Finding Mr. Right: When Moving In Together Works
By Josie Brown
If you’re a couple who is contemplating cohabitation, do yourself a favor and don’t sign any long-term lease.
It’s likely that your Significant Other likes having you around for company, but may not be ready for that “til death do us part” commitment.
That isn’t keeping couples from moving in together. The latest U.S. Census for 2008 reported 13.6 million unmarried, heterosexual couples currently live together. In fact, researchers say 50% to 60% of couples who marry today lived together first. It’s also noted that 70% of young adults will cohabit.
However, most couples who live together either marry or break up within two years.
This information comes from a new federally funded study of 1,294 unmarried Americans between 18 and 34 years of age.
A common theme among couples who have first lived together is their assumption that it would be easier to break off the relationship if it were not formalized.
Not quite. Or, as noted in a Pew Study: “Once a couple is living together, the fact that they share possessions, pets and children, and have invested time in their relationship may propel them to marry.” It also indicates that these couples were unprepared for a long-term commitment, and therefore more unhappy in the relationship, and more likely to encounter conflicts with their partners.
Other findings from the Census study:
- Most couples didn’t consciously decide to live together; two-thirds of cohabitors said they either “slid into it” or “talked about it, but then it just sort of happened.” Just one-third talked about it and made a decision to live together.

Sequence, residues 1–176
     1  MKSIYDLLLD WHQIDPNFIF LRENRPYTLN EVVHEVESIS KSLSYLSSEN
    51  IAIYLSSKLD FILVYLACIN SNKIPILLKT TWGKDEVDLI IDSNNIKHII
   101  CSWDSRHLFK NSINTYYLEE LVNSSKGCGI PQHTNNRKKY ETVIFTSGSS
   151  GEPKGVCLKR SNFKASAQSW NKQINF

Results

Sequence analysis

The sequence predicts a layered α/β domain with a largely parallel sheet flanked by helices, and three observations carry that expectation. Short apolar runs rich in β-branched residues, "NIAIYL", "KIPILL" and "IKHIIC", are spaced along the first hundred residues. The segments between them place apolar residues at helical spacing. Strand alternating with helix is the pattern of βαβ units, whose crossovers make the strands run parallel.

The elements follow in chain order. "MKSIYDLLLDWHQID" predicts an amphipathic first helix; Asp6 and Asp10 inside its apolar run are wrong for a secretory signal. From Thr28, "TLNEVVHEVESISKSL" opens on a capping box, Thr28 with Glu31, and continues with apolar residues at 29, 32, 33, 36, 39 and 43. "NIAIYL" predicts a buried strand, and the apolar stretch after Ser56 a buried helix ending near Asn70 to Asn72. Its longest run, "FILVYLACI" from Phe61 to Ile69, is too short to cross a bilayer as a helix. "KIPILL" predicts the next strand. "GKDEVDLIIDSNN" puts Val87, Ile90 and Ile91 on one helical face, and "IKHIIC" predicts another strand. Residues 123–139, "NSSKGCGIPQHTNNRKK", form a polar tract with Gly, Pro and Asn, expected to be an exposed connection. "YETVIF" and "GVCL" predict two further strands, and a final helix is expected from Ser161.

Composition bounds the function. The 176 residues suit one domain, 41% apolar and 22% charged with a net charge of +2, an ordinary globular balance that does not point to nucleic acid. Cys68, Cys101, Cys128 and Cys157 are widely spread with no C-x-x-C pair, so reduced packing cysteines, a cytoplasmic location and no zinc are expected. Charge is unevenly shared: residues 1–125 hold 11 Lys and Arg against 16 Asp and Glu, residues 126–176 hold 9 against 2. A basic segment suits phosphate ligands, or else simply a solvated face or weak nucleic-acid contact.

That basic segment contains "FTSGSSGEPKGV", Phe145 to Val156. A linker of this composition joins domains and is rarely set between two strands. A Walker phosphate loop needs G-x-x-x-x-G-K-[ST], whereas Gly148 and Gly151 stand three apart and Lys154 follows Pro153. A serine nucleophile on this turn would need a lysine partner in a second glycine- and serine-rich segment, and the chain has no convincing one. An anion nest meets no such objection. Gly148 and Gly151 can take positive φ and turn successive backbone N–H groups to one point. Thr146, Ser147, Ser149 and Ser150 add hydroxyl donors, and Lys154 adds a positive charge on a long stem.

- The more religious are less likely to cohabit: 49% of dating couples and 30% of cohabitors surveyed agree that “my religious beliefs suggest that it is wrong for people to live together without being married.”
Participants complete questionnaires two to three times a year; more than 100 questions are in each survey. More than two-thirds are in a serious dating relationship; 32% live together.
Of those cohabiting, 66% moved in before making plans to marry; 23% planned to marry but weren’t engaged, and 11% moved in when they got engaged.
If a couple wants to make that change in status from lover/room mates to loving spouses, they can better ensure a lifetime of love and commitment if they remember this:
#1. A marriage succeeds only if it has the heartfelt desire by both partners to a lifetime of love and commitment. One partner’s desire is not enough.
#2. Saying “I do” is just the beginning of your long journey together, not the end. Exchanging vows in front of friends and family is just the first step. Staying together through hardships, trauma and trying times is what tests and strengthens your relationship.
#3. In successful marriages, couples grow together, and allow each other to grow individually as well. Change is a life-long process, and should be expected and appreciated in a marriage. Should you grow in different directions, appreciating change in your partner will keep your love alive.
#4. Passion feeds a couple’s attraction. To keep love alive, keep lust a part of your lives together.
Josie Brown, SingleMindedWomen.com’s Relationships Channel Editor, is the author of four novels. Her most recent is THE BABY PLANNER. Other novels include SECRET LIVES OF HUSBANDS AND WIVES, IMPOSSIBLY TONGUE-TIED, and TRUE HOLLYWOOD LIES.
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